• A super high holding power anchor is an anchor with a holding power of at least four times that of an ordinary stockless anchor of the same mass. 
  • A super high holding power anchor is suitable for restricted service vessels use and does not require prior adjustment or special placement on the seabed.
  • The use of SHHP anchors is limited to restricted service vessels as defined by the individual classification society.
  • The SHHP anchor mass should generally not exceed 1500kg.
  • The unified requirement for the design of SHHP anchors applies down to EN ≥ 205. For EN < 205 the design criteria for SHHP anchors apply to the anchor mass for ordinary stockless anchors.
  • A super high holding power anchor is to be suitable for vessels in restricted service and is not to require prior adjustment or special placement on the seabed.
  • When super high holding power anchors of the proven holding power are used as bower anchors, the mass of each such anchor may be reduced to not less than 50% of the mass required for ordinary stockless anchors.
  • For approval and/or acceptance as a SHHP anchor satisfactory full-scale tests are to be made confirming that the anchor has a holding power of at least four times that of an ordinary stockless anchor or at least two times that of a previously approved HHP anchor, of the same mass.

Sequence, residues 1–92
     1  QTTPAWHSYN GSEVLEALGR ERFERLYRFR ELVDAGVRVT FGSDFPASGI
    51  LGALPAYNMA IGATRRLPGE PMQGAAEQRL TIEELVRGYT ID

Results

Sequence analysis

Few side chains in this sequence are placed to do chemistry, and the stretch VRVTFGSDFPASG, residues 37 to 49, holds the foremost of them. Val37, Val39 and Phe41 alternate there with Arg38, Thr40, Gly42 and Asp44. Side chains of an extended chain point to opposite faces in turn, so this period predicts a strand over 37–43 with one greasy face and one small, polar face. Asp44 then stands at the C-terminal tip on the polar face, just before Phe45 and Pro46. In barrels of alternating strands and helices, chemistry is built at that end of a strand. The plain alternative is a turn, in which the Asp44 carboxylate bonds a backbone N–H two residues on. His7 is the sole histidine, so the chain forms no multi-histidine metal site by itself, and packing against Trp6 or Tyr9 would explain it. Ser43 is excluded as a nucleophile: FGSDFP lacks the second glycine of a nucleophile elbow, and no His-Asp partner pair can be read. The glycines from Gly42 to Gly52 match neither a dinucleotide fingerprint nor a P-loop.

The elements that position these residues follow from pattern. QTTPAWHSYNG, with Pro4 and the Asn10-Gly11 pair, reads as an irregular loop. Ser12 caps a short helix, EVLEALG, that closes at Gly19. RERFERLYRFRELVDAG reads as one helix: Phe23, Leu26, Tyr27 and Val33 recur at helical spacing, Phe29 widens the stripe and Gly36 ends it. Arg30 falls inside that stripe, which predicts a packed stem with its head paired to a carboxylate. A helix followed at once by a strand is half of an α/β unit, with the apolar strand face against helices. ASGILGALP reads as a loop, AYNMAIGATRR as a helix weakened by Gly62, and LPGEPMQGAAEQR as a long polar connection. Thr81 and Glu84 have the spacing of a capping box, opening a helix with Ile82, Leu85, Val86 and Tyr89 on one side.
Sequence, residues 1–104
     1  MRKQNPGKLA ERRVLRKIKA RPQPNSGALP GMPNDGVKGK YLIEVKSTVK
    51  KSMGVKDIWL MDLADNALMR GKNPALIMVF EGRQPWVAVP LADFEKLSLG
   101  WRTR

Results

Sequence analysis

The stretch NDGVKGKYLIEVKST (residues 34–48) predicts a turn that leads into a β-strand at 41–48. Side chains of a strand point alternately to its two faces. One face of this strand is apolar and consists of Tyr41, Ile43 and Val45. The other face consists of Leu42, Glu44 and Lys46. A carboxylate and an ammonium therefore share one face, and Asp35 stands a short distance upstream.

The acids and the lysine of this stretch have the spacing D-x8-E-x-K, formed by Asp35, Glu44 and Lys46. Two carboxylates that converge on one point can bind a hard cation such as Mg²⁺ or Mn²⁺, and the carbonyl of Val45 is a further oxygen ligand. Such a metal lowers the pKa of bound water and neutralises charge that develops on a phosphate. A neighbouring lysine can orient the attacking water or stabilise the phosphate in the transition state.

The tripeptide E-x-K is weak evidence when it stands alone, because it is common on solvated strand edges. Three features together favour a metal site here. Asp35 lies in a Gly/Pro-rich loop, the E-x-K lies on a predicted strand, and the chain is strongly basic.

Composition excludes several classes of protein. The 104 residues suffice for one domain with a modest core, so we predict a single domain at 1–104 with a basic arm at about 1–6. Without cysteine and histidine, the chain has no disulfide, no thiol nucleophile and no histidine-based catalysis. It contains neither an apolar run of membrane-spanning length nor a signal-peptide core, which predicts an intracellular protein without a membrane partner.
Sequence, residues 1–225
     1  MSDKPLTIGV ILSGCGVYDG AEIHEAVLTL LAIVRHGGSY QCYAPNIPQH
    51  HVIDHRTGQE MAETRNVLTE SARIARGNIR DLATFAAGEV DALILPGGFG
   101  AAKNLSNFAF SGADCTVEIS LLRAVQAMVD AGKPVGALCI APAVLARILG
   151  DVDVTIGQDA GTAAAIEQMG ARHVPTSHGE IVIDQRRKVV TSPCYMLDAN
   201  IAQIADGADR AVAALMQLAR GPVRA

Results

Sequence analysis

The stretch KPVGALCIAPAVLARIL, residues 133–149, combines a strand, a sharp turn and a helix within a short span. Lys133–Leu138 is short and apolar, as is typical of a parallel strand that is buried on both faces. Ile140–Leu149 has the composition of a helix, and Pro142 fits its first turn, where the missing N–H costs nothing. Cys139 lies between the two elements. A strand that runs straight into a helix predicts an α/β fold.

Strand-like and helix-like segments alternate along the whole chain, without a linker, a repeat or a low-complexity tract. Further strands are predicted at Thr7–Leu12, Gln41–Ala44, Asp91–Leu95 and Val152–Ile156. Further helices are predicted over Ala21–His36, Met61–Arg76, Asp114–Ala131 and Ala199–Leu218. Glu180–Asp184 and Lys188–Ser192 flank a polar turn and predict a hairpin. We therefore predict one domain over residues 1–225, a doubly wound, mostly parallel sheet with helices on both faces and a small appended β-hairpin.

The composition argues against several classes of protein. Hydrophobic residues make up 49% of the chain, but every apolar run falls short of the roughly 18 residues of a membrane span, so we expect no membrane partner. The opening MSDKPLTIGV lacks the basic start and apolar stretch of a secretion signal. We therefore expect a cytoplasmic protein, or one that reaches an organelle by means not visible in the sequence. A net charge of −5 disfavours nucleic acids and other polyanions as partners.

• The tests are also to verify that the anchor withstands the test without permanent deformation.
  • The full scale tests as required are to be carried out at sea on three types of bottom; normally, soft mud or silt, sand or gravel and hard clay or similar compounded material. The tests are to be applied to anchors of mass which are as far as possible representative of the full range of sizes proposed. 
  • For a definite group within the range, the two anchors selected for testing (ordinary stockless and SHHP anchors) should be approximately the same mass and should be tested in association with the size of chain required for the anchor mass and anchor type. Where an ordinary stockless anchor is not available, a previously approved HHP anchor may be used in its place. 
  • The length of the cable with each anchor should be such that the pull on the shank remains practically horizontal. For this purpose, a scope of 10 is considered normal.
  • Three tests shall be taken for each anchor and each type of bottom. The pull shall be measured by a dynamometer. The stability of the anchor and ease of breaking out should be noted where possible. 
  • Tests are to be carried out from a tug but alternatively, shore-based tests may be accepted. Measurements of pull, based on the RPM/bollard pull curve of the tug may be accepted as an alternative to a dynamometer. 
  • Tests in comparison with a previously approved SHHP anchor may be also accepted as a basis for approval.
  • If approval is sought for a range of anchor sizes, then at least three anchor sizes are to be tested, indicative of the bottom, middle and top of the mass range.
  • The holding power test load is not to exceed the proof load of the anchor.